Also in that case you should look at what the Jews' own canon, which is
somewhat different from ours.

> This "good fruit" test has advantages over the "know in my heart" test.
> You mentioned that predicting the results of an action is difficult.
> I think judging the results of a previous action can also be
> contraversial. I would like to avoid some terrible flame wars by not
> giving examples. Do you consider the point made?


> 'golden rule' ?

"Do unto uthers as you would have them do unto you".  This rule is found
in practically ever major system of faith around the world.

> Your test for truth looks a bit like 'consistency with your own
> (roughly christian) moral code'. Does that sound right?

Almost.  My code is not roughly Christian, it is Christian.  If I find
Christ's teaching disagrees with my natural tendencies or what seems
sensible, I do my best anyway to do what he said.  This very frequently
does make trouble for me personally.  

For example, I am neither stupid nor naive enough to miss that many
people who read our exchange have probably now dismissed me as some sort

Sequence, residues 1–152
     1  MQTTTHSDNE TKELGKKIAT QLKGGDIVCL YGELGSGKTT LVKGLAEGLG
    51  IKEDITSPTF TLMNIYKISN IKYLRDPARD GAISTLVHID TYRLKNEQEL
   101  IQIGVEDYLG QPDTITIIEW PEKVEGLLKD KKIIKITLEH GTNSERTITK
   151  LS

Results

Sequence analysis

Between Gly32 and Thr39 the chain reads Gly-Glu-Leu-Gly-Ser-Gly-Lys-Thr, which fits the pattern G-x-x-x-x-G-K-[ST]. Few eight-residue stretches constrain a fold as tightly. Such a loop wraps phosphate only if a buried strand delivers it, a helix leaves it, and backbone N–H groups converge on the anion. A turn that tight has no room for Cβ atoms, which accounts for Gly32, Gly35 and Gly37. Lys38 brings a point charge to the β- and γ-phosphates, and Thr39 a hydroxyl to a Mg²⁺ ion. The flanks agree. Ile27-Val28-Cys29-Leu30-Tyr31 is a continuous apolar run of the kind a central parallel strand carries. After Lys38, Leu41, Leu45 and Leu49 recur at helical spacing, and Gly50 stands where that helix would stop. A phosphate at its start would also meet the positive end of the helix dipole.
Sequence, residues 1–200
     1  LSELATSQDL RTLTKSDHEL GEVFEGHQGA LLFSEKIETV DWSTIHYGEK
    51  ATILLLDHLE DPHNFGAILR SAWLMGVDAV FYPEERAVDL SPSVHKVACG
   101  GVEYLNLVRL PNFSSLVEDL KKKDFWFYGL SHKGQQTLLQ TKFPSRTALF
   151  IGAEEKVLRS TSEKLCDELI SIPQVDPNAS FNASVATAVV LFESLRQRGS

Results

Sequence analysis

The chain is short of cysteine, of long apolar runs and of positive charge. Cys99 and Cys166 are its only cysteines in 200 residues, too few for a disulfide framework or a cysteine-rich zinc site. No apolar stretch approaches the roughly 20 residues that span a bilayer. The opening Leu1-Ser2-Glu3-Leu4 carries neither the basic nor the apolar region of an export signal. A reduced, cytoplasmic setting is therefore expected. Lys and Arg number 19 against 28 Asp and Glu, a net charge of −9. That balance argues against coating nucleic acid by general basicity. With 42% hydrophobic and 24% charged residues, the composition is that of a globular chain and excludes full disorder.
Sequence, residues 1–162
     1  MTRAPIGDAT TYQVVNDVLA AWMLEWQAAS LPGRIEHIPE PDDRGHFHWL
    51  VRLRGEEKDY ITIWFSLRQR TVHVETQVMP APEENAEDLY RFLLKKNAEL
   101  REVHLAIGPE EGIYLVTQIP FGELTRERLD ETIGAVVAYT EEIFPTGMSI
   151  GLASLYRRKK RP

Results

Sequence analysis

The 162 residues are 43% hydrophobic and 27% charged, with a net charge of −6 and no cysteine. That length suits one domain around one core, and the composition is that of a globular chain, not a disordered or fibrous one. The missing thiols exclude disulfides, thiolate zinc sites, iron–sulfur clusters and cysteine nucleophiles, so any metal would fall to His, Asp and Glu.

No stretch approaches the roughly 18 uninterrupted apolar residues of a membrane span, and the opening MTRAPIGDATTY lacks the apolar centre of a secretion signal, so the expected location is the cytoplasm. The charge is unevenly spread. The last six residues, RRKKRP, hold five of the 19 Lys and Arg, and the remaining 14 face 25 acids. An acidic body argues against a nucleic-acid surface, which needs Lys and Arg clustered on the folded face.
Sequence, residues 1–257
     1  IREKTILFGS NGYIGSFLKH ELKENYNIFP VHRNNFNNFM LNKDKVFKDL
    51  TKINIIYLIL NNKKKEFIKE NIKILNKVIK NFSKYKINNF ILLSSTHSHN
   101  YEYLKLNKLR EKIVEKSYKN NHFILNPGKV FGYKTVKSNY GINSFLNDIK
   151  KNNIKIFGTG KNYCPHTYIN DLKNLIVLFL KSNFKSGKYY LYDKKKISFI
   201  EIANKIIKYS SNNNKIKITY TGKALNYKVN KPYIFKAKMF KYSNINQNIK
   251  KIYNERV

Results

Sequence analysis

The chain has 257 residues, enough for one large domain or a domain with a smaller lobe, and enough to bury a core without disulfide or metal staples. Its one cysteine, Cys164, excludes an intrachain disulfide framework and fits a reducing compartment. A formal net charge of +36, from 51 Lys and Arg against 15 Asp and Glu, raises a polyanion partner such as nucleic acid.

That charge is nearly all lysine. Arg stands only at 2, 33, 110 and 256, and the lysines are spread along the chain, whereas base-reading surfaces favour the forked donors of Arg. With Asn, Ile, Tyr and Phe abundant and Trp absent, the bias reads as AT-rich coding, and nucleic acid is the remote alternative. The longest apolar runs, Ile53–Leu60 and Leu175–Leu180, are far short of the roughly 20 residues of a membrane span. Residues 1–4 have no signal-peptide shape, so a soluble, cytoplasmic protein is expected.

of fundamentalist lunatic, and I am sure that will cost me personally in
some small way in future.  Nevertheless Christ said to spread the word
so I do it, according to my best understanding and in the way I think is
most likely to succeed with the people I think I can reach.  I am
satisfied that we will all be better for that in the long run.

Likewise, following Christ does not obligate me to agree with other
Christians in every way, but it does obligate me to respect them so even
though you will hear me state beliefs by Christians that I disagree
with, I try not to dump on them personally.  That often hampers my
effectiveness at presenting what I think Christ said, but that cannot be
helped.  Again, I am sure this is for the best (and if you have any
doubt that I am resisting my natural tendencies, you should see stuff I
wrote when I was, say, Rob's age and had an awesome savage tongue).

By the way, I think you will find most Christians agree with my last
point; however much we disagree with each other we try not to dump on
one another (although we don't always succeed), and that often makes it
hard to present our views; there are things we simply will not say or
answer out of respect for those around us.

Steve Bougerolle
Creek & Cowley Consulting